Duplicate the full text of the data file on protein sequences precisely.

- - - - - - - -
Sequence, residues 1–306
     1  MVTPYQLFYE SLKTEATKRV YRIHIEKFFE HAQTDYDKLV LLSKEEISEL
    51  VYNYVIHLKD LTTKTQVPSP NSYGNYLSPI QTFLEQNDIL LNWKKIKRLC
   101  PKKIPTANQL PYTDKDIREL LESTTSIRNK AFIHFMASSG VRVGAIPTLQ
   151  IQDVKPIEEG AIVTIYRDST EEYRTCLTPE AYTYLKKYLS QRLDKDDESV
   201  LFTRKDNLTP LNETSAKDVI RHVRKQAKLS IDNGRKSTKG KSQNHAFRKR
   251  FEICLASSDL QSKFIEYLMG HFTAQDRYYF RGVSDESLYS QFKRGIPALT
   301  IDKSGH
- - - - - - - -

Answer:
Sequence, residues 1–306
     1  MVTPYQLFYE SLKTEATKRV YRIHIEKFFE HAQTDYDKLV LLSKEEISEL
    51  VYNYVIHLKD LTTKTQVPSP NSYGNYLSPI QTFLEQNDIL LNWKKIKRLC
   101  PKKIPTANQL PYTDKDIREL LESTTSIRNK AFIHFMASSG VRVGAIPTLQ
   151  IQDVKPIEEG AIVTIYRDST EEYRTCLTPE AYTYLKKYLS QRLDKDDESV
   201  LFTRKDNLTP LNETSAKDVI RHVRKQAKLS IDNGRKSTKG KSQNHAFRKR
   251  FEICLASSDL QSKFIEYLMG HFTAQDRYYF RGVSDESLYS QFKRGIPALT
   301  IDKSGH